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Comment: Tinfoil hat, blah blah... (Score 1) 164

by jayegirl (#47640835) Attached to: F-Secure: Xiaomi Smartphones Do Secretly Steal Your Data

Surely I'm not the only one who looks at the supercomputer in her pocket which is capable of speaker independent voice recognition, and often wonders whether encrypted text versions of *all* the conversations she's been having in its proximity are getting squirted off somewhere s33kr1t in the middle of the night, when no-one would notice a stray packet or two...

Comment: Re:For Reference... (Score 1) 120

by jayegirl (#32989714) Attached to: 3M Says Its Multi-Touch System Means Almost No Lag

I call bullshit.

I've been recently been wiring my drumkit for recording and have been finding that actions that I consciously perform -- flams in particular -- are timed in the 2-10ms range. Hell, 150ms is rolling through four fingers on a surface less than twice a second. Pretty much everyone can do better than that.

Sure, the OP's figures above might apply to single-shot actions, as opposed to repeated or sequential actions, but 150ms is still a damn long time.

Comment: Re:Brilliant! (Score 4, Informative) 275

by jayegirl (#32508754) Attached to: British Computer Society Is Officially At Civil War

what's the point of giving uber-hard math, where kids just drop off and don't give a shit anymore, and doesn't stop them from getting their diploma in the end anyway? I went to maybe 3 math classes in my last year, and still got my diploma with flying colours. It's not about making it easier, it's about making it useful.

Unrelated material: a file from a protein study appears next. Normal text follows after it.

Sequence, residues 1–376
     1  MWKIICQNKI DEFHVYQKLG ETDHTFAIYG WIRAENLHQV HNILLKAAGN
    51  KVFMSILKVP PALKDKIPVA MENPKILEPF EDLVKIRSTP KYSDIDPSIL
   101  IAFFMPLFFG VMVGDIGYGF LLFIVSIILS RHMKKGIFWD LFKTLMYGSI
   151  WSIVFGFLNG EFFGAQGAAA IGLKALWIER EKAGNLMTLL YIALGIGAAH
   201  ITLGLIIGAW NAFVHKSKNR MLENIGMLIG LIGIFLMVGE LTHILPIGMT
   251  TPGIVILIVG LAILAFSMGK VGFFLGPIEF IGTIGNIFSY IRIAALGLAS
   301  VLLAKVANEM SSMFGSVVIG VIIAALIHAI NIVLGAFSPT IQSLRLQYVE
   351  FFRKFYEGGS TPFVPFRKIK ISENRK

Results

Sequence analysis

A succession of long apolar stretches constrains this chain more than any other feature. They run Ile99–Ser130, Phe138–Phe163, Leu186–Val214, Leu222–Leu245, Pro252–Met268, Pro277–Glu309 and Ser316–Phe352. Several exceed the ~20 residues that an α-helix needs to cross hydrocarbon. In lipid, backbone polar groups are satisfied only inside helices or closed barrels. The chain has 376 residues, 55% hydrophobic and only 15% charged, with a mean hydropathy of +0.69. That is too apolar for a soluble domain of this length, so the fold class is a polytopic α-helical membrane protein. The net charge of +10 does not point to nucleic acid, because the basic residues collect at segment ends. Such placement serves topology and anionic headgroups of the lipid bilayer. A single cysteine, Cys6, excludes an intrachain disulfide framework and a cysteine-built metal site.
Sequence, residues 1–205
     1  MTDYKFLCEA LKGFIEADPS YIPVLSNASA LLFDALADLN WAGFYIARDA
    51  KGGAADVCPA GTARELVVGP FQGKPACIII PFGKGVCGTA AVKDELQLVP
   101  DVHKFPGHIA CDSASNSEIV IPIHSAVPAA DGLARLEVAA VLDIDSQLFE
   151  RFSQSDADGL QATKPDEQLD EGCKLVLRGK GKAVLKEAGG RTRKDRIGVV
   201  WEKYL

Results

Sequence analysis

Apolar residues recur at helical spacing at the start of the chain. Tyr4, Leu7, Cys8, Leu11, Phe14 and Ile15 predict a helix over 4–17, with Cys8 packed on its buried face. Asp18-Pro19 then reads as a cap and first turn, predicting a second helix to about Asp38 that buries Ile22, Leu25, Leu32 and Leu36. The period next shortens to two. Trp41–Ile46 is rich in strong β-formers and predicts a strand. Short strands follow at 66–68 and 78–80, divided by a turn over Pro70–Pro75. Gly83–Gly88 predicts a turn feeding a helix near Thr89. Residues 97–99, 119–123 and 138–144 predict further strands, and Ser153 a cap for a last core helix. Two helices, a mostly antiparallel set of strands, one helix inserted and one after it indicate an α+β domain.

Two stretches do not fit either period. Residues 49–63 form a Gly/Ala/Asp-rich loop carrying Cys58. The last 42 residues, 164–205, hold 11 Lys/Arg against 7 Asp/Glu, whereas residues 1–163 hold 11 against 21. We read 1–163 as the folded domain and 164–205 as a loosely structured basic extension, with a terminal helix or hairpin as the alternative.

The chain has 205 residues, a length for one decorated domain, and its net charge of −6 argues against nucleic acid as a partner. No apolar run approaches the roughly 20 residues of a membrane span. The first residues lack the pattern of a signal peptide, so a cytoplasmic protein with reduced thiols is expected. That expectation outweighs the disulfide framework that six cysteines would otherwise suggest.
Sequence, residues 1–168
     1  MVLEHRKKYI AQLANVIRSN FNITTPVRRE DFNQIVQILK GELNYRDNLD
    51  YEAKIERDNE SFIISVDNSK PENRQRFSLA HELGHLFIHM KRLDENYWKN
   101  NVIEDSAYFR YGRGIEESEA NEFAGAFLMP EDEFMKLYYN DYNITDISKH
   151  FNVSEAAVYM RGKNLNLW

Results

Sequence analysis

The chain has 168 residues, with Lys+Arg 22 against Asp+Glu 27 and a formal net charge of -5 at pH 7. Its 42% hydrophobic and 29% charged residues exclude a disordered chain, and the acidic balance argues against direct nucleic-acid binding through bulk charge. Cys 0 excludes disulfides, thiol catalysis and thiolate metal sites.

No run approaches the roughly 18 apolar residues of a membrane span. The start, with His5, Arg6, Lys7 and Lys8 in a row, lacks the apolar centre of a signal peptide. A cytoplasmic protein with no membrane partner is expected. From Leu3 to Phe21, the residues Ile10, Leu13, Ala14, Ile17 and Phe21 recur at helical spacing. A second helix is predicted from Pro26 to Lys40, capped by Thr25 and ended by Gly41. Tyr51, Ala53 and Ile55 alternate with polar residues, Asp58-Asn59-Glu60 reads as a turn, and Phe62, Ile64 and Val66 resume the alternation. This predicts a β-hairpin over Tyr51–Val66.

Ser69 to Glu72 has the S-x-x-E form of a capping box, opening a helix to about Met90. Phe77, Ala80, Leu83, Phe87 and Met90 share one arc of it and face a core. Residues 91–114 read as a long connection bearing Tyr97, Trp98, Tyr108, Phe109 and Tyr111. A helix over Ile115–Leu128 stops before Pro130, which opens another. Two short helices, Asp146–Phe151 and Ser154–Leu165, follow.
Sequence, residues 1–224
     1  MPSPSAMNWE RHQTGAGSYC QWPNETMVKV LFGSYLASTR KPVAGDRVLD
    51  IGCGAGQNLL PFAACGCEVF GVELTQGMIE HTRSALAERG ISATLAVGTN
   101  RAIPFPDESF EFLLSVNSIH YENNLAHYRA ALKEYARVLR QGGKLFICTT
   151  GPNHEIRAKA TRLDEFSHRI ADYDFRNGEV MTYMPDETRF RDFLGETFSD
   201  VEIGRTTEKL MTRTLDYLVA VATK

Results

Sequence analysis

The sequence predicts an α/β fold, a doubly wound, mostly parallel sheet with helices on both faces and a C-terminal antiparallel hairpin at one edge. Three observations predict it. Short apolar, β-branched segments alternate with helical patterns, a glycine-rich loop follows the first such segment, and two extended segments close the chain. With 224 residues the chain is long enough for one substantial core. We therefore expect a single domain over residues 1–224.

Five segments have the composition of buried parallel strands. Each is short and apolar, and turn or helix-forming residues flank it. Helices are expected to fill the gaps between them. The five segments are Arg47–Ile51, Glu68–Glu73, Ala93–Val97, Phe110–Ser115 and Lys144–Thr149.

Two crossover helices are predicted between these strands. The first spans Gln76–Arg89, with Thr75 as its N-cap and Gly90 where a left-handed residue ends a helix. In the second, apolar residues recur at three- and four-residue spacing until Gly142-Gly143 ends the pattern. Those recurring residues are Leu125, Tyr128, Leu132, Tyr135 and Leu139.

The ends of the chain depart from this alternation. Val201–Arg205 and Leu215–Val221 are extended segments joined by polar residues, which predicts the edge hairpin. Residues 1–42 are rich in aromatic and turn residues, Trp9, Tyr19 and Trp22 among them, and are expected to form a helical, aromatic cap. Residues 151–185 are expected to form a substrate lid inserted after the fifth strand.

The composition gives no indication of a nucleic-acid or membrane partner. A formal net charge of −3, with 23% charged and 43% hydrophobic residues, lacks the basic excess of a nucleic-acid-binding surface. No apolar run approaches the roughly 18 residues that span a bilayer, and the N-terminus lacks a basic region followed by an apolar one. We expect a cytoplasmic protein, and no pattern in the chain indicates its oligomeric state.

Perhaps some of the point is, for once in the cess-pool that is the modern, utility and mediocrity obsessed tertiary education system, to attempt to provide broad-ranging bases of abstract knowledge to the students who actually want to learn, and are capable of doing so. That way we'll at least get some people who can work at the coal face of knowledge creation as opposed to just another batch of clueless, money-grabbing code monkeys?

The sort of useful you're talking about is concerned with places where all the interesting, hard problems have already been solved. Sounds dull as dishwater if you've got a brain in your head.

Government

South Korea Announces Daily MMO Blackouts For Youths 148

Posted by Soulskill
from the probably-just-making-more-time-for-starcraft dept.
eldavojohn writes "GamePolitics reports that South Korea's Ministry of Culture, Sports, and Tourism has announced two new policies that will force underage gamers to pick a six-hour block of time (midnight-6 AM,1-7 AM, or 2-8 AM) where they will not be able to play 19 online role-playing games. While it targets most popular MMORPGs, some popular games like Lineage were left off the list."
Cellphones

BlackBerry Bold Tops Radiation Ranking 189

Posted by timothy
from the woo-top-of-the-list-awesome dept.
geek4 writes with this excerpt from eWeek Europe: "Data from the Environmental Working Group places the BlackBerry Bold 9700 as the mobile device with the highest legal levels of cell phone radiation among popular smartphones. Research In Motion's BlackBerry Bold 9700 scores the highest among popular smartphones for exposing users to the highest legal levels of cell phone radiation, according to the latest 2010 Environmental Working Group ranking. Following the Bold 9700 are the Motorola Droid, the LG Chocolate and Google's HTC Nexus One. The rankings still put the phones well within federal guidelines and rules."